7.) You will see some GET and POST requests. This is your login process flow. Open the first one by double clicking on it. It will show you information organized in sections just like (General, Response Headers, Request Headers, Query Params, Form Data etc.). This is the information exchange which happens between the web server and the client (your machine). You need to simulate the same with you script.This means whatever you see in the Request Headers section, you need to pass exactly the same with your script. This way you will receive the very same Response Headers and you can grab all the information from there which is required to move forward.

Let me show you and example.

In my first POST request I can see the following in the Network log:

Request URL:https://mysnserver.net/siteminderagent/forms/dssologinprod.fcc?TYPE=33554433&REALMOID=06-0cffd45f-7ca7-106f-bbab-84fb3af10000&GUID=&SMAUTHREASON=0&METHOD=GET&SMAGENTNAME=-SM-28THtkr3KQi%2fJmb193GjY0nVjpKo6ULc%2fJNV5hRyjzC17qWZfgyVPkR%2f7EAWoDVu3Gd3y3kTm3N2p0B8KVp0Hixjin0ZsDZ3&TARGET=-SM-%2f
Request Method:POST
Status Code:302 Found
Remote Address:

Response Headers
Content-Type:text/html; charset=iso-8859-1
Date:Wed, 21 Sep 2016 19:11:46 GMT
Keep-Alive:timeout=5, max=496
Set-Cookie:SMSESSION=w0Gp2DpiPEGPrLepzXds9qUTVER/Xl75WO36n37IxRpLaE6dwQPwN2+iaNn4rQZODb+65k2Gy9fggnKU04I7rSU6; path=/; domain=.mysnserver.net; secure
Set-Cookie:SMIDENTITY=EoIkGNtD3Y+FBWumdJuml3J78o61Qtc07b73XmqEeze; path=/; domain=.mysnserver.net; secure
Set-Cookie:NSC_1.1.1.196-443-C72169=ffffffffaaa3746145525d5f4f58455e445a4a4253a5;expires=Wed, 21-Sep-2016 21:11:47 GMT;path=/;secure;httponly
Set-Cookie:SMTRYNO=; expires=Fri, 25 Mar 2016 19:11:46 GMT; path=/; domain=.mysnserver.net; secure

Request Headers
Accept-Encoding:gzip, deflate, br
User-Agent:Mozilla/5.0 (Windows NT 6.1; WOW64) AppleWebKit/537.36 (KHTML, like Gecko) Chrome/52.0.2743.82 Safari/537.36

Query String Parameters

Form Data

Whatever you can see in the Request Headers section, that needs to be passed to the first URL to get the Response Headers information. If you see in the Response Headers I have received several IDs which was given by the server. This means that I need to prepare my first request in Python to pass the very same information that I have in the Request Header. Like this:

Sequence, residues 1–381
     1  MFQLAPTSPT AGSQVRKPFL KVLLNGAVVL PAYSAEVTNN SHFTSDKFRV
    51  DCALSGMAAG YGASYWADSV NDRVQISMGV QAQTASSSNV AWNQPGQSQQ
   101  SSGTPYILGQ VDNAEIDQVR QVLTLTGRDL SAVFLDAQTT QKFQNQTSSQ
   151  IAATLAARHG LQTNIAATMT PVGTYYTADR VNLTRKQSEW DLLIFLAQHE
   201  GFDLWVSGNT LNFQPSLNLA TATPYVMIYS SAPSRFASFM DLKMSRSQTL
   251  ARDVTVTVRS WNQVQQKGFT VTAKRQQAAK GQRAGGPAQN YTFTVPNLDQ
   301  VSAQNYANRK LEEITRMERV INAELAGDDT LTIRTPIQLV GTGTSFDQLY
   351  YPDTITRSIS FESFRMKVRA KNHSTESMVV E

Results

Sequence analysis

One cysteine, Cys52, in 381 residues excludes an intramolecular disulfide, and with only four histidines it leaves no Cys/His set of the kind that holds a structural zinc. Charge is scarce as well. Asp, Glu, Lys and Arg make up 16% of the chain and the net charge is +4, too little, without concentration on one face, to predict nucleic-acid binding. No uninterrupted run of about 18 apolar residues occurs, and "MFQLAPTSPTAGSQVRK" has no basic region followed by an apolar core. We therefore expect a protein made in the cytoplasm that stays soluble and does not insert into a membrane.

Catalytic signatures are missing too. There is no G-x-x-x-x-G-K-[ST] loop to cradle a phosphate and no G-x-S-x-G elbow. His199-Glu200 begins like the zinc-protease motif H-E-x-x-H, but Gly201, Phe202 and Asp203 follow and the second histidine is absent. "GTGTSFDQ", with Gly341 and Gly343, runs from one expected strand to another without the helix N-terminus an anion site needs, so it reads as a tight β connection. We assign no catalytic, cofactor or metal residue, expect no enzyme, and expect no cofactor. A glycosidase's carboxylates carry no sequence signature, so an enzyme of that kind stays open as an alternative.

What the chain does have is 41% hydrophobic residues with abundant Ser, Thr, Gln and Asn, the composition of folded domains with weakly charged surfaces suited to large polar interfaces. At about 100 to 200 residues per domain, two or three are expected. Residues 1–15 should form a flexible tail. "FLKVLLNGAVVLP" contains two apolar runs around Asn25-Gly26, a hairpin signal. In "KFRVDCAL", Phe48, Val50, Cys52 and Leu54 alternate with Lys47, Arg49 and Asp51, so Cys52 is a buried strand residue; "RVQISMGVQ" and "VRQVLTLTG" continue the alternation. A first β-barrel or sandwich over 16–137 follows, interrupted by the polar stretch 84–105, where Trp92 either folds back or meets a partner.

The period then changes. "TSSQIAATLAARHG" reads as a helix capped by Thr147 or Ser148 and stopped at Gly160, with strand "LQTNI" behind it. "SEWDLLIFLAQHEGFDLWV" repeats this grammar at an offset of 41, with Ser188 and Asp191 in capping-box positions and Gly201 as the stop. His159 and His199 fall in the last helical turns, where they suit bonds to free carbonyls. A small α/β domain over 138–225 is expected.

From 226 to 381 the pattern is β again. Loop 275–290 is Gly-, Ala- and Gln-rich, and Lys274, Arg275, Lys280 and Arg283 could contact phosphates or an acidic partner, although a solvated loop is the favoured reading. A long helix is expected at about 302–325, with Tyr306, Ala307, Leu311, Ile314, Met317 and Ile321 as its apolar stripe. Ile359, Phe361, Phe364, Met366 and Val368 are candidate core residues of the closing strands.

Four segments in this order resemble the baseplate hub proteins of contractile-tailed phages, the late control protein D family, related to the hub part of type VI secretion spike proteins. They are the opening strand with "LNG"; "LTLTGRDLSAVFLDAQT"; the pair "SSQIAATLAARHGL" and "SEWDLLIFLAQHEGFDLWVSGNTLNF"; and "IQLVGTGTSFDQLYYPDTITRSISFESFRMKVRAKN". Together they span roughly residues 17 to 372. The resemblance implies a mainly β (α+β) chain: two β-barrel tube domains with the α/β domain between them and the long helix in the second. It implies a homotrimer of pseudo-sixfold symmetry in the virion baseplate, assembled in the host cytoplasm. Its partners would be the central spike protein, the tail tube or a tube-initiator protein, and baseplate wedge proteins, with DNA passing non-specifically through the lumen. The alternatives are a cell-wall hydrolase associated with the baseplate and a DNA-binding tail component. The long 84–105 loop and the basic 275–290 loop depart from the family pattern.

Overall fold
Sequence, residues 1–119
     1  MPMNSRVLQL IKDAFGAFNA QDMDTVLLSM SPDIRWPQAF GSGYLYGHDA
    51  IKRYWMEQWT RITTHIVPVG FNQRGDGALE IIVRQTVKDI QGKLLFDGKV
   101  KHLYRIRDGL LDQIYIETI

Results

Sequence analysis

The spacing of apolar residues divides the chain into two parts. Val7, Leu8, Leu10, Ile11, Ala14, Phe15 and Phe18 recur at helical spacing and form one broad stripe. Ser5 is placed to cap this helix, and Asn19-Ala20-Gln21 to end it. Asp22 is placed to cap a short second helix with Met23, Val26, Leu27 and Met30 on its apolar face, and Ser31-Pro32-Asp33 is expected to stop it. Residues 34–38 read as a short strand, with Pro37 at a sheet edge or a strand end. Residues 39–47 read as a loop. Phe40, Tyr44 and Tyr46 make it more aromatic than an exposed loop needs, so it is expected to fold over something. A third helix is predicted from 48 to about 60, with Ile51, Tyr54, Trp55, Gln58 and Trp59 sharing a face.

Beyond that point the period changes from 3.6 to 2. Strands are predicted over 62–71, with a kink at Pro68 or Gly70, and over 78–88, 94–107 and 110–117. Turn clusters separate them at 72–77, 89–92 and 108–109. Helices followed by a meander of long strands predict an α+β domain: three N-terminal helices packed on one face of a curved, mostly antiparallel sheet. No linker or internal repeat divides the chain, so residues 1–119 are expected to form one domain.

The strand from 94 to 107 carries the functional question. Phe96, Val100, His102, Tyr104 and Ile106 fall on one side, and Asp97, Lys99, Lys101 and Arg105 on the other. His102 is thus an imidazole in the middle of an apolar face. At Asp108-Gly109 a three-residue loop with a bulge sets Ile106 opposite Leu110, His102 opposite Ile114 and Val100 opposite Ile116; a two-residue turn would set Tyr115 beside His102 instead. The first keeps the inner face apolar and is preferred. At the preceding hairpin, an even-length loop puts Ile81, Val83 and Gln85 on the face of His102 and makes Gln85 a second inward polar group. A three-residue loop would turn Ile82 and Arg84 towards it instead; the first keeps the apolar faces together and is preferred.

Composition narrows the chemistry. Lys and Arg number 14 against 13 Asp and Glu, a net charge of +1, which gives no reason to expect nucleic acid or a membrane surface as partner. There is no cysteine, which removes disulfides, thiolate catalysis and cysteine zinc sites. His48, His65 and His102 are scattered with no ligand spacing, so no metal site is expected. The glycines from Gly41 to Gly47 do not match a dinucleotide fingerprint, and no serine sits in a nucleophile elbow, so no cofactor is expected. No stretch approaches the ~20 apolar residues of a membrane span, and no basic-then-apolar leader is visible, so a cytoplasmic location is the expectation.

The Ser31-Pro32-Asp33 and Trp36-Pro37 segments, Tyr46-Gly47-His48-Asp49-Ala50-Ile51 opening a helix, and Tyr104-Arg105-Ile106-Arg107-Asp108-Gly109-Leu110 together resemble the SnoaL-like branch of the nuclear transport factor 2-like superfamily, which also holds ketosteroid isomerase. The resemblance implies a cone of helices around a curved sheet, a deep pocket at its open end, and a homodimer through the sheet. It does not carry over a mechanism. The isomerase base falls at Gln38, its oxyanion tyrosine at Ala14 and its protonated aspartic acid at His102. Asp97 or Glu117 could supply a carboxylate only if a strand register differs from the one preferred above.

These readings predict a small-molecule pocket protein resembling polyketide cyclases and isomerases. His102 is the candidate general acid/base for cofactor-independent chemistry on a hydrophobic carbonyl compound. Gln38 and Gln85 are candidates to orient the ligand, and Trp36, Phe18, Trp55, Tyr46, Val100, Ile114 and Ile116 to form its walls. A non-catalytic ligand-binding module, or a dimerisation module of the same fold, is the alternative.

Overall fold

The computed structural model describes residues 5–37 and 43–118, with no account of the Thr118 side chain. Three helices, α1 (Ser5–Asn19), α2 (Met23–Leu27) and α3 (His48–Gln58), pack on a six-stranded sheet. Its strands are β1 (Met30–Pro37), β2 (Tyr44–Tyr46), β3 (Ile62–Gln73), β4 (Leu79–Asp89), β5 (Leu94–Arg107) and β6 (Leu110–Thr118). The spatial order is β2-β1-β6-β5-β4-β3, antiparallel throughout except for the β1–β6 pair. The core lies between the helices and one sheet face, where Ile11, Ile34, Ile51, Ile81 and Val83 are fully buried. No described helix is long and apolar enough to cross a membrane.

auth_url1 = 'https://mysnserver.net/siteminderagent/forms/dssologinprod.fcc?TYPE=33554433&REALMOID=06-0cffd45f-7ca7-106f-bbab-84fb3af10000&GUID=&SMAUTHREASON=0&METHOD=GET&SMAGENTNAME=-SM-28THtkr3KQi%2fJmb193GjY0nVjpKo6ULc%2fJNV5hRyjzC17qWZfgyVPkR%2f7EAWoDVu3Gd3y3kTm3N2p0B8KVp0Hixjin0ZsDZ3&TARGET=-SM-%2f'

# Initiating session
s = requests.session()

request_header_1 = {
    'Accept-Encoding':'gzip, deflate, br',
    'User-Agent':'Mozilla/5.0 (Windows NT 6.1; WOW64) AppleWebKit/537.36 (KHTML, like Gecko) Chrome/52.0.2743.82 Safari/537.36'

form_data_1 = {
    'USER':'my_userid', #<----- Put your user ID here
    'PASSWORD':'my_password' #<----- Put your password here
r = s.post(auth_url1, headers=request_header_1, data=form_data_1, verify=False, allow_redirects=False)

# Get NSC ID from the response header which needs to be passed over in the 3rd request
nsc_id = r.cookies.keys()[2] + "=" + r.cookies.values()[2]

That's it. You need to follow the very same process if you have more redirection until you pass the last page and your session authenticates. After this you can use the cookie information that you collected to authenticate all of your upcoming requests. As you can see I have initiated a session with s = requests.session() command, that I can use to submit all of my requests without passing my user id and pw for all requests. Take care when you need to send a GET and when you need to send a POST request. You can see this in the General information section of the header.

One more important note. Use allow_redirects=False in your requests if you have redirection on your site. In this way you can make sure that your request is not got redirected to other sites an you get back the proper Response Headers information.